Survivors of sex trafficking have filed a lawsuit against Nevada, arguing that the state violated the 13th Amendment of the U.S. Constitution when it legalized prostitution.
According to a recent announcement, the case of Charleston v. State of Nevada will be argued before the U.S. Court of Appeals for the Ninth Circuit on Dec. 9.
The National Center on Sexual Exploitation Law Center will argue the case on behalf of three women who were trafficked to brothels in Las Vegas.
Christen Price, legal counsel for NCOSE, said in a statement Thursday that the 13th Amendment “prohibited the states from re-establishing new forms of servitude through abusive economic practices.”
“Yet this is what Nevada’s legal scheme is producing: vulnerable women and girls are commodified and held in sexual servitude,” stated Price.
“Nevada’s sex tourism industry, bolstered by the unquenchable demand, requires more and even younger girls each year. Girls are brought to Nevada across state lines to be prostituted and trafficked, in violation of federal law.”
Price argued that Nevada’s legal prostitution and the illegal practice of sex trafficking “are inextricably linked … as elsewhere in the world where prostitution is legal.”
“This lawsuit seeks an order that will void any county ordinances licensing brothels; invalidate the state law permitting prostitution; and provide exit services and resources to women prostituted through Nevada’s legal brothels,” continued Price.
“We hope that our survivor plaintiffs receive some measure of justice, and that their case would ultimately pave the way for other girls and women to escape Nevada’s sexual slavery scheme.”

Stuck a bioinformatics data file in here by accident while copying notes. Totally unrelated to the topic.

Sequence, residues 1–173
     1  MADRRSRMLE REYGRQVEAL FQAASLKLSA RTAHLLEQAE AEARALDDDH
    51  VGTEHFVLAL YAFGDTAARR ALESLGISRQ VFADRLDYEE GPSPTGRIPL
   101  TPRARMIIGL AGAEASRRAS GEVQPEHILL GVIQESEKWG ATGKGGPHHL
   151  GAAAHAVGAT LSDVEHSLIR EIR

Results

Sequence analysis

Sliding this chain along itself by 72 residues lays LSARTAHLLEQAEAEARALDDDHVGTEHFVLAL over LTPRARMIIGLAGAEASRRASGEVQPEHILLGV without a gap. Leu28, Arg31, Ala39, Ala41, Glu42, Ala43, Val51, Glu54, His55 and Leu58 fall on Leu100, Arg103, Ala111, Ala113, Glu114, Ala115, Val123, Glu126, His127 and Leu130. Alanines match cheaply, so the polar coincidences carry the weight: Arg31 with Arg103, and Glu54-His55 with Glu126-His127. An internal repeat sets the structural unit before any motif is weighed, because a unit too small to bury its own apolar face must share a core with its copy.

In March 2019, NCOSE filed the lawsuit in federal court on behalf of sex-trafficking victims Bekah Charleston, Angela Delgado-Williams and Leah Albright-Byrd.
“Brothel owners and operators in Nevada regularly and with impunity violate federal law,” the suit states. “On average, in jurisdictions with legal prostitution, there is a statistically significant larger reported incidence of illegal sex trafficking.”
In October 2019, District Court Judge Miranda Du ruled against the plaintiffs, arguing that the women’s horrible experiences could not be properly linked to Nevada’s prostitution laws.
“Ultimately, the Court is not convinced that legal prostitution in Nevada’s counties which Plaintiffs challenge here is anything more than the attenuated cause of Plaintiffs’ alleged injuries,” wrote Du.
“… that Plaintiffs were unlawfully forced into prostitution and sex trafficked in Nevada and other states is not sufficiently traceable to Nevada laws permitting legal prostitution as opposed to other factors, namely the illicit behaviors of private bad actors.”